Where will the nice people live?
An ethos of “greed is good” isn’t just making housing prices skyrocket — it ripped out the heart and soul of our community.
And it’s probably never moving back.
Last month, a very close friend of mine lost her rental about 30 minutes north of San Francisco.
Then she killed herself.
She left a letter. The lead paragraph said that losing her home of 10 years was the last straw that convinced her to take her own life.
The second paragraph of her letter began: “I’m too sensitive for technology.”
And then she crossed out the word “technology” and replaced it with:
The day before she killed herself, I saw her.
There was only one clue that she was really down. She told me she had been out looking at rentals for months and had one week left in the home she was in.
“The housing situation out there is… depressing,” she said.
She was always a very upbeat, positive person and hearing the word “depressing” come from her mouth was a shock.
“What about moving to South America or India?” I suggested.
She could not imagine pulling up her roots to live somewhere else cheaper and starting all over again, alone, at her age, nearly 60. She searched for a home for five months, couch surfing, housesitting — plunging ever deeper into depression. And then she gave up.
And she checked out of the overpriced Bay Area housing market.
This is just one story, among thousands of stories, about the tragic consequences of the current housing shortage and price inflation in the San Francisco Bay Area. But it is not even the worst effect.
Because underlying my friend’s suicide is a deeper sickness that has cast a shadow over San Francisco:
It’s an ethos of “greed is good” that has ripped out the very heart and soul of our community.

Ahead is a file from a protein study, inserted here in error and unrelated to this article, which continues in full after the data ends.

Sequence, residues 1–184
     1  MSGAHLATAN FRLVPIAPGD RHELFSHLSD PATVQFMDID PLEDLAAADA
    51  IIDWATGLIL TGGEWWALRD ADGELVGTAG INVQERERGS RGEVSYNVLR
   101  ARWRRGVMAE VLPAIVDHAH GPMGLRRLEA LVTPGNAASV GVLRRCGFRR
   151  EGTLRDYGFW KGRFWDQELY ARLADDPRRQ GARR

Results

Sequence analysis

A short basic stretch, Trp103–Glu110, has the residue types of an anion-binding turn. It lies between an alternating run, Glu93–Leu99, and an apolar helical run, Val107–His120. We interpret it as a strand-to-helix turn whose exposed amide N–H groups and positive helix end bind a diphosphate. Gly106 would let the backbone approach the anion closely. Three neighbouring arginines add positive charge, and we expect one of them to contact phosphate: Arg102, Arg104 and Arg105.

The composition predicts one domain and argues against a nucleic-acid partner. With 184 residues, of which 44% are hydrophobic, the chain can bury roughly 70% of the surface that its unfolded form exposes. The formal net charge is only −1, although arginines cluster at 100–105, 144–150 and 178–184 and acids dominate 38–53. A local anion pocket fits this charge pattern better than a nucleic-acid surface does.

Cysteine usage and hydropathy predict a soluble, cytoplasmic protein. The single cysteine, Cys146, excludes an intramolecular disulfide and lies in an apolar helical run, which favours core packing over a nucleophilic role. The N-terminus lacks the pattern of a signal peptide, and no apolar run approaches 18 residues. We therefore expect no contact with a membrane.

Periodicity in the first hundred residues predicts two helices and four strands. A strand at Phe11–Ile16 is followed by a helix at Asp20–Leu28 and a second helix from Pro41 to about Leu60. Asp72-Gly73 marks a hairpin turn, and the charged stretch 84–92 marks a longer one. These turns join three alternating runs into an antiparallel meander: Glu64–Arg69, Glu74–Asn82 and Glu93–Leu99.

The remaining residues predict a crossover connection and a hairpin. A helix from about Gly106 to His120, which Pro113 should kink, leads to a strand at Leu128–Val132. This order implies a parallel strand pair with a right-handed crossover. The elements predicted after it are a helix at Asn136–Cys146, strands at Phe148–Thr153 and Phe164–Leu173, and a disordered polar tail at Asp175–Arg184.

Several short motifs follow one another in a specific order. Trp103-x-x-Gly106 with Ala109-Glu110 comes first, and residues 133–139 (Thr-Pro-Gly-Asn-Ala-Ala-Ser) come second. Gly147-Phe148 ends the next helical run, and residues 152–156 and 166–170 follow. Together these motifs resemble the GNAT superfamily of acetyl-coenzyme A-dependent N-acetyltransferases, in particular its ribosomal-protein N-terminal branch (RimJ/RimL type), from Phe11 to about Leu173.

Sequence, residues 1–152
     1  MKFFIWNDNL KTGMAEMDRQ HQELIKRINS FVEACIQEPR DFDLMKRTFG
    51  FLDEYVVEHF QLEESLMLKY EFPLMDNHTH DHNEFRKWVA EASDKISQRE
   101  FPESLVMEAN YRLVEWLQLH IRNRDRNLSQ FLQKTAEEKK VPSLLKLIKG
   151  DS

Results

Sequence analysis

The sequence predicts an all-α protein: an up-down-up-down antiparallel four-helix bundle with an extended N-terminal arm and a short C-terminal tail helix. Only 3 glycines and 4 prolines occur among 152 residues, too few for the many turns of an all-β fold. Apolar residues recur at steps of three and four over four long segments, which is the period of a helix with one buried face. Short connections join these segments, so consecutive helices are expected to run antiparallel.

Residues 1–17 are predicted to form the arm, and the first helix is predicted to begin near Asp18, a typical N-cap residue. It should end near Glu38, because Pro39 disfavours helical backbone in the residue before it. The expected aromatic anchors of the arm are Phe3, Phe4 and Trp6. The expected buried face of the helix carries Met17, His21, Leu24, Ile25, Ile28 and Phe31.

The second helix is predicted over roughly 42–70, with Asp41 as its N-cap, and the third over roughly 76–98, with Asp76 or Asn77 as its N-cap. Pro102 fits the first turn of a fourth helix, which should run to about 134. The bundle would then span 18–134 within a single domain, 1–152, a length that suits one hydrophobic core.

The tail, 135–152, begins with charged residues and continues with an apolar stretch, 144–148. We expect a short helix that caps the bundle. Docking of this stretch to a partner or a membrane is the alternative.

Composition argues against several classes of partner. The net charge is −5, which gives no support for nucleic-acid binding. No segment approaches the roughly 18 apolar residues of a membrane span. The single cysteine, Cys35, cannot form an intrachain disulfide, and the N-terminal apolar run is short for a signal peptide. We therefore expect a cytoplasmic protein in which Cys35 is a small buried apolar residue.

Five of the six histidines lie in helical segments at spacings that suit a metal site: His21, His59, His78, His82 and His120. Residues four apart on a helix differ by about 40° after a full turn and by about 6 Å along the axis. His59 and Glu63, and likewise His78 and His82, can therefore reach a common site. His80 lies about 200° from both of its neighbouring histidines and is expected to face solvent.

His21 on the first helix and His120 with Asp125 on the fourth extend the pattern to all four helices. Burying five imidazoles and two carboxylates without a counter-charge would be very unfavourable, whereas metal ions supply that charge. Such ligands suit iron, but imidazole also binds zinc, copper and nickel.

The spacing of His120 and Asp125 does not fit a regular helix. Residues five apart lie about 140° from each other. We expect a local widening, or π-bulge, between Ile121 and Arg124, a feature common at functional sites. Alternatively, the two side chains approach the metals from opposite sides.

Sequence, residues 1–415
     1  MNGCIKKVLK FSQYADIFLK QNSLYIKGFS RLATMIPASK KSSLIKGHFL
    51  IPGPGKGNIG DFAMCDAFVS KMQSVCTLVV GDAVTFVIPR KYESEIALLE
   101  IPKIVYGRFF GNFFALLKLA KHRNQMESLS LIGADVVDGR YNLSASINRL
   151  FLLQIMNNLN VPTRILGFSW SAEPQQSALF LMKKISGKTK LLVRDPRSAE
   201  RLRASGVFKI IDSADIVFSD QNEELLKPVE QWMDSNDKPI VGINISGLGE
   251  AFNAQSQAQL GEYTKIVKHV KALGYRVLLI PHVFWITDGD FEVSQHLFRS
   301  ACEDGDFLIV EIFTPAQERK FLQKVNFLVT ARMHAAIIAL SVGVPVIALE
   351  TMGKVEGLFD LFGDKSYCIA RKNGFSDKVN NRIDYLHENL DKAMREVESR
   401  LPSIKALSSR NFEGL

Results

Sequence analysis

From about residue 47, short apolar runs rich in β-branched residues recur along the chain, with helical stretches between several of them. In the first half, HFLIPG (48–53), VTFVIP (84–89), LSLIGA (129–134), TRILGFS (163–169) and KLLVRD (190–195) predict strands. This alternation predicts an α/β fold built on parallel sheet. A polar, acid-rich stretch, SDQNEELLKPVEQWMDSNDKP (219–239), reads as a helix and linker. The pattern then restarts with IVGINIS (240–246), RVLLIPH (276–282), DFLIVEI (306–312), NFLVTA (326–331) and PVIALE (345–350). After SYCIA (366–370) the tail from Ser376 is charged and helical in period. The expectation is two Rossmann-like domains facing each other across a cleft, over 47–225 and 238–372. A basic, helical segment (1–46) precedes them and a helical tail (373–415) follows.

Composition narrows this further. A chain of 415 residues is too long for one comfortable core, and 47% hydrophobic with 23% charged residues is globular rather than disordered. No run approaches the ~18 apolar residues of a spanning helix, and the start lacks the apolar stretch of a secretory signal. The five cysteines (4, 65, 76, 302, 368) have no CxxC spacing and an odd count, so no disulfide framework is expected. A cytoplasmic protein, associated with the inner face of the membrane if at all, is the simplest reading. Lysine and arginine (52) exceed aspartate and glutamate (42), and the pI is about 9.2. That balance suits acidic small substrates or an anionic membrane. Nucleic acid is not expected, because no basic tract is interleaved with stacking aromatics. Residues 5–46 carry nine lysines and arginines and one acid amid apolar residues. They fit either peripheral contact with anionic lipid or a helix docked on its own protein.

San Francisco, was, once upon a time, a very enlightened and compassionate community.
When I first moved to San Francisco, barely age 20, in the 1980s, it was edgy, vibrant and alive. Only small portions of the city were “gentrified.” There were plenty of old warehouses where an artist could live cheaply, even squat for free, and create the thriving music and arts scene we had back then.
San Francisco was focused on values like freedom of self expression, consciousness evolution, the human potential movement and non-profit organizations for the environment and social change. A very small portion of the residents worked in finance, or had old money — and they were tucked away in Pacific Heights.
The City was earthy — not worldly. It was inward focused — not material. It didn’t care about what was trendy or in fashion — in fact, we broke the mold.
There was a deep vein of caring in San Francisco that went back to the 1960s counterculture, and the daring Gold Rush and pioneer settlers before that. We were all about reinvention and revolution — shifting the dominant paradigm and making the world a better place.
But now, the Bay Area culture is all about money— blindly cranking out technologies that are sometimes in their best moments, but not always making the world a better place.
Self driving cars, robotics, artificial intelligence that replaces humans. Surveillance that could threaten civil rights and privacy. Nanotech, biotech, Transhumanism and artificial life — many of these technologies have potential benefits to humanity — but also an ominous shadow side.
We’re all working so fast to turn a buck, I often wonder if we stop to think what kind of future we’re building, and if we’re solving the real problems that need to be solved.
Or creating new problems.
The bottom line has become the bottom line.
And the counterpoint — the heart-centered people who create the balance to the business — that community is getting squeezed out.
If the people who nurture and take care of things and create beauty — can no longer afford to live in San Francisco, who is left?
Now, you can’t afford to live in San Francisco if you have a conscience. You need to sell yourself out to the highest bidder just to survive and tread water.
We’re not talking about selling your soul or your values to make a million. You need to sell out here just to exist.